Reading time: choose one: workbook, play Reading Eggs, or flashcards (sight words)
Project on current unit study subject
Lunch while mom reads a story
Math/science project or game
I tried to keep it all simple and manageable so I will actually do it! We officially got started earlier this month, and so far, so good! Of course, I’m still very flexible, the schedule is just a suggestion, so I don’t stress over it. The hardest part is making myself get up earlier so I can get a little work done before the kids are up.
The best, main stress reliever for me, has been writing down what we’re doing (mainly what my son is doing and learning as he’s the school aged one) in a notebook throughout the day as it happens. Just a quick note: he rode his bike, he drew a pic, built with Legos, read this book… By the end of each week, even just one day, there’s so much learning that I would never remember happened! Some days I didn’t write anything, as I was too busy to worry about it, other days are a few lines long, and some days are a whole page full! Now I won’t have to wrack my brain for what we did the last month come time to talk to his charter teacher, but even just for myself, I love being able to see that we really do and learn so much all the time!
Addy Brown says
Having different ages within your homeschool classroom can make finding and sticking to a homeschool schedule difficult. However, it is certainly manageable, and actually increases patience, flexibility, and the ability for children to interact with different age groups and/or generations – an invaluable REAL WORLD skill.
L. E. Mastilock says
So true. I love that my kids have learned to appreciate each other and friends of all ages at each of their different stages. It’s so beneficial not to segregate by age and skill level.
Mother of 3 says
I do find writing down what we do/did each day is key for me when we’re not working in our workbooks; otherwise I feel like we didn’t learn or do anything. Pinned.
Anne Campbell says
I use lots of checklists, but it’s still a challenge for me to stick to a lesson plan. It’s important to talk to your kids about their choices so they’ll feel more enthusiastic about what you’re doing in your homeschool. Thanks for a peek into your planning!
Isabelle Zita says
Glad that this worked out for you! My family (well, my parent's family) has tried different methods of getting things done, and it seem that a check-off list works really, really well. Mom just wrote down various tasks/school subjects we need to have done by the time Dad gets home, but it doesn't restrict us to finishing everything within a certain period of time.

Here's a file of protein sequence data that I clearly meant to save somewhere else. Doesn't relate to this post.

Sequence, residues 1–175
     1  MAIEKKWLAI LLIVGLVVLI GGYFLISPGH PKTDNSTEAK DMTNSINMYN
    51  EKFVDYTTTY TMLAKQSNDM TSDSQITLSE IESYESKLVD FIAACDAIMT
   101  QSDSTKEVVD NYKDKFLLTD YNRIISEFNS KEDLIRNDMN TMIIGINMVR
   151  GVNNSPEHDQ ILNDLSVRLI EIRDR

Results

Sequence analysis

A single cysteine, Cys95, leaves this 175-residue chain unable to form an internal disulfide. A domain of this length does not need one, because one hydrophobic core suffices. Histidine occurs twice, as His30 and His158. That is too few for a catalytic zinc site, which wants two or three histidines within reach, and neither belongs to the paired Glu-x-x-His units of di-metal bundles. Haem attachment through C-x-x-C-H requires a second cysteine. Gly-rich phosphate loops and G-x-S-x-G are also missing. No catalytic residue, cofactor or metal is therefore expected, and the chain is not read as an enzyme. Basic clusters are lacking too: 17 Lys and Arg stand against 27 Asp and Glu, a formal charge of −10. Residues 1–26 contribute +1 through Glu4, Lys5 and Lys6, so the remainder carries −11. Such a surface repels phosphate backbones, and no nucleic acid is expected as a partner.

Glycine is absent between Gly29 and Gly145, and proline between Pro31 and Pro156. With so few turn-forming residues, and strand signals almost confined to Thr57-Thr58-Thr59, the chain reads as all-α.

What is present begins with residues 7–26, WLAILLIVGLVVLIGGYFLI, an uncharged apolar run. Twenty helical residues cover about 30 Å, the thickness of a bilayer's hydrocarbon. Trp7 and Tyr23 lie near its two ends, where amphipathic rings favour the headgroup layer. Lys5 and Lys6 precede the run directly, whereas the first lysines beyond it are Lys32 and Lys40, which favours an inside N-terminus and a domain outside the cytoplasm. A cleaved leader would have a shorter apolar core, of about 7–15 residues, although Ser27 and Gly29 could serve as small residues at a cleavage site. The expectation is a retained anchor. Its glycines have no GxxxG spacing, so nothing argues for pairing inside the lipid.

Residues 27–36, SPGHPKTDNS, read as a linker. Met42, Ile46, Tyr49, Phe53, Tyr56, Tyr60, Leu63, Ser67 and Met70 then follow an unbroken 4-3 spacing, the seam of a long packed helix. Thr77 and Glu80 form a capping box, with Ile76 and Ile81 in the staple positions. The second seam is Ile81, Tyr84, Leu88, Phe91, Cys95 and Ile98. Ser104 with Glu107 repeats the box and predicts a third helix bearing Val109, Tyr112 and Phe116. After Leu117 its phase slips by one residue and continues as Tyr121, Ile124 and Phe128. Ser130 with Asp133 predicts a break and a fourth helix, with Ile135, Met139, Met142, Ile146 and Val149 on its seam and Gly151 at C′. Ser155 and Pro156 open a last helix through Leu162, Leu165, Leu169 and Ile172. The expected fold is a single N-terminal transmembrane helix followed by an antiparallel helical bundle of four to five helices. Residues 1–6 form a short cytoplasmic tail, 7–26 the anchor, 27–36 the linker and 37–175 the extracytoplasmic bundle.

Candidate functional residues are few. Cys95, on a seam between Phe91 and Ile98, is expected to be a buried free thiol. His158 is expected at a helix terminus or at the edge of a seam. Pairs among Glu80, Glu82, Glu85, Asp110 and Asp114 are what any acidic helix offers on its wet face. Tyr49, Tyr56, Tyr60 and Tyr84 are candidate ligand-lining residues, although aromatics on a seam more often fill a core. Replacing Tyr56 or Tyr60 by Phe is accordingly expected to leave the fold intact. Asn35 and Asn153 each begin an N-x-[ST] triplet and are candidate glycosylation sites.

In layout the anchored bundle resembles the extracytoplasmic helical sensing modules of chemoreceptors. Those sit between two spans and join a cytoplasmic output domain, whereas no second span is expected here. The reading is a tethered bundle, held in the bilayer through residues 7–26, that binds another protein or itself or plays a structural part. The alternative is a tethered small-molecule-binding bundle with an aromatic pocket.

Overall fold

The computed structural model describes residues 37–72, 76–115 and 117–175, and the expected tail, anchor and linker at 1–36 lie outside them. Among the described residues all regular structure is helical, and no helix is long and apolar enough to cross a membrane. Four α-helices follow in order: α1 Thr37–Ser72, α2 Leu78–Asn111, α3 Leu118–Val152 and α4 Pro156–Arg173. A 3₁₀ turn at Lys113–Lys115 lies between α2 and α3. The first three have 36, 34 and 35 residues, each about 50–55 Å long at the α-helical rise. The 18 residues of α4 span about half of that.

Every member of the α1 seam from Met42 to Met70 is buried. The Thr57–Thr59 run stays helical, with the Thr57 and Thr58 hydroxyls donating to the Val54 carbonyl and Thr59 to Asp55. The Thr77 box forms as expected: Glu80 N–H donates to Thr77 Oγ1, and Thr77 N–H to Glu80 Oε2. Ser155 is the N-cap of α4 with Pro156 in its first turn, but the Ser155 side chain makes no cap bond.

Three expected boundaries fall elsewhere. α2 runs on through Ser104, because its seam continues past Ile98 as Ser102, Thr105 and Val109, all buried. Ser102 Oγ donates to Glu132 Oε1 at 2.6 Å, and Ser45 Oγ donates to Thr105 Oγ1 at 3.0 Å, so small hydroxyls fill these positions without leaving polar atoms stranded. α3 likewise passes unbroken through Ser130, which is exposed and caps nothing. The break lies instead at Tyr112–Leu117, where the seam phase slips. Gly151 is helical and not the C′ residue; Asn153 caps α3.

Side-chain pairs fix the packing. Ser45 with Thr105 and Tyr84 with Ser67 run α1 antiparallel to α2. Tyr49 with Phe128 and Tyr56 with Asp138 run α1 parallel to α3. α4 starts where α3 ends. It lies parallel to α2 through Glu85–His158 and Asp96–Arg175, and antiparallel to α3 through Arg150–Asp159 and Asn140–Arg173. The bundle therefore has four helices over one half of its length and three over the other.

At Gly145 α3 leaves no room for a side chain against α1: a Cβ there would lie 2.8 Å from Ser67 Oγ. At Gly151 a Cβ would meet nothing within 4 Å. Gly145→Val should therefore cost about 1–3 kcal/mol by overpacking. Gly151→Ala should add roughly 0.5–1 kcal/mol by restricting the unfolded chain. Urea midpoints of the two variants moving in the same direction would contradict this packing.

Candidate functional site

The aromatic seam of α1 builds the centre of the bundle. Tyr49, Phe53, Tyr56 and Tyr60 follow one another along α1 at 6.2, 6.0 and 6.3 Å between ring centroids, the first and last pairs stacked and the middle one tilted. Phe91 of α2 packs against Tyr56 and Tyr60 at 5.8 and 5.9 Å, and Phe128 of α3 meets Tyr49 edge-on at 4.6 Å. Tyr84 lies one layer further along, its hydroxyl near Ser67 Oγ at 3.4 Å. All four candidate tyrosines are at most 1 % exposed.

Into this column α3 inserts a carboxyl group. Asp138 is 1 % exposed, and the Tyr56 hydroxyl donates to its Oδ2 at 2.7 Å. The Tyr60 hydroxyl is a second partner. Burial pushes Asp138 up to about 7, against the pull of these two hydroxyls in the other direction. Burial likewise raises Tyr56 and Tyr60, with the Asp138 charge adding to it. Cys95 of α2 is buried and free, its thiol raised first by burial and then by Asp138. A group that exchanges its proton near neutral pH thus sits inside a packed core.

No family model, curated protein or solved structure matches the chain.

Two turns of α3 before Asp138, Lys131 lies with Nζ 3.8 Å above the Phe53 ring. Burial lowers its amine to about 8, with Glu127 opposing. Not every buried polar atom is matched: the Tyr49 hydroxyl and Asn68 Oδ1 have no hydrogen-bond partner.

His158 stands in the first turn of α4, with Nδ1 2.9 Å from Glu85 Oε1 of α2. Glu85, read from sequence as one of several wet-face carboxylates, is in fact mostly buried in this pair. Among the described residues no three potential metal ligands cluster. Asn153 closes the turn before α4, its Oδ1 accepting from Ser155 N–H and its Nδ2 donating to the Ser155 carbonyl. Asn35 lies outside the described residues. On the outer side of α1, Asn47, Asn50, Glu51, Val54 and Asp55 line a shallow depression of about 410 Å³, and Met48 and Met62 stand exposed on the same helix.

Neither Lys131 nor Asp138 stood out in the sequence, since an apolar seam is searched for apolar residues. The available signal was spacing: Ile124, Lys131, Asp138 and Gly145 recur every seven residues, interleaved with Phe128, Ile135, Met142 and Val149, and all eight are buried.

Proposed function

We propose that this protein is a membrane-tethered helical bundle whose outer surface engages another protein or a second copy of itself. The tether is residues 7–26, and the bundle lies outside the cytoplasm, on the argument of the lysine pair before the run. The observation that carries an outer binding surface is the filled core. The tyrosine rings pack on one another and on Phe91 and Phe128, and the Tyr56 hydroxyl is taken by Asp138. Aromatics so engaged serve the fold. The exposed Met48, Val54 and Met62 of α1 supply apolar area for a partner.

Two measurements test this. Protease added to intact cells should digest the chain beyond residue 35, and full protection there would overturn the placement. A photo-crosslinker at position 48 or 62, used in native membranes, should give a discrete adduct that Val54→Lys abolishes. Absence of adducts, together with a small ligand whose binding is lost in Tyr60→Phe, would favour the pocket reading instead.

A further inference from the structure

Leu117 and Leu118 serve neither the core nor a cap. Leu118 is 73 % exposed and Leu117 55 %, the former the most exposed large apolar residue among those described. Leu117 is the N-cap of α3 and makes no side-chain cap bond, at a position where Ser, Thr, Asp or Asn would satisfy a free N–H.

For example, my list has: Tidy room, fix hair, dishes, Biblical worldview, math, piano, French, vocab, science, and help w/ lunch.
If you think using check-off lists would help, I suggest you try them out. 🙂
It's great to hear feed back from a homeschool student! Thank you! When he can read better, I'm definitely going to try the checkoff list. We do use a picture one for chores for now.
Hi! Thanks for sharing. I just wanted to mention a book series that I loved when my kids were younger: Games for Math by Peggy Kaye (also Games for Reading, Games for Writing, etc). It helped me feel like we were "accomplishing" something constructive but also felt like we were keeping a relaxed, playful atmosphere. Sounds like y'all are doing great. Good luck!
I'll have to check those out! Thank you so much!
This sounds like us on a regular basis. I've found that my daughter (8) works better and is more focused when I give her a checklist for the day. Not only does it have the subjects she needs to do, but it includes break times and lunch, and naptime! I think she feels more accomplished as she checks off each one. Plus, she doesn't feel like she's going to be "in school" ALL DAY because she knows exactly how much more she has to do.
I think your idea of sitting down with your kid to create a learning plan is awesome. And it sounds like he's mature enough to benefit from a daily checklist too. 🙂
The Aums Mama says
I'm a big fan of the check list, too. Just started one with my 7 year old and he is so motivated to check things off. Also, he sat down with me and planned out all the activities. Thanks for posting this, Leah. I love how honest and open you are about your homeschooling journey.
He did love being involved making the list, but I never even thought of having him check off his own list! Well, not for school activities. I do have a picture list for him of chores to earn a star for each day. What a great idea! Thanks! I can already see that this will be especially helpful when he's a bit older and working more on his own. You guys are awesome!
What a great post. This is something I have wanted to do. My son attends preschool, but it's play-based and I've wanted to incorporate learning into the home environment. I think it is a great idea to involve him in the scheduling to excite him about what we do. Thanks for the info! Saw your post on Good Acorn's FB page. Keep posting there! :). Jenny
Thanks for letting me know where you found me! And so glad it was useful info to someone! My kids are much more on board when it's their decision on how/when/what to do. As long as they're learning, I love that they can do it in a way they enjoy!
This is good information. We've been focusing on doing school related things first in the morning, and letting everything else slide until we have less structured time in the afternoon. Learning definitely doesn't stop in the afternoon, but trying to tick learning things off a list does.
First thing in the morning seems to work best for us, too, for sit down focused work. After that they're too wiggly; have to get energy out! Thanks for your comments!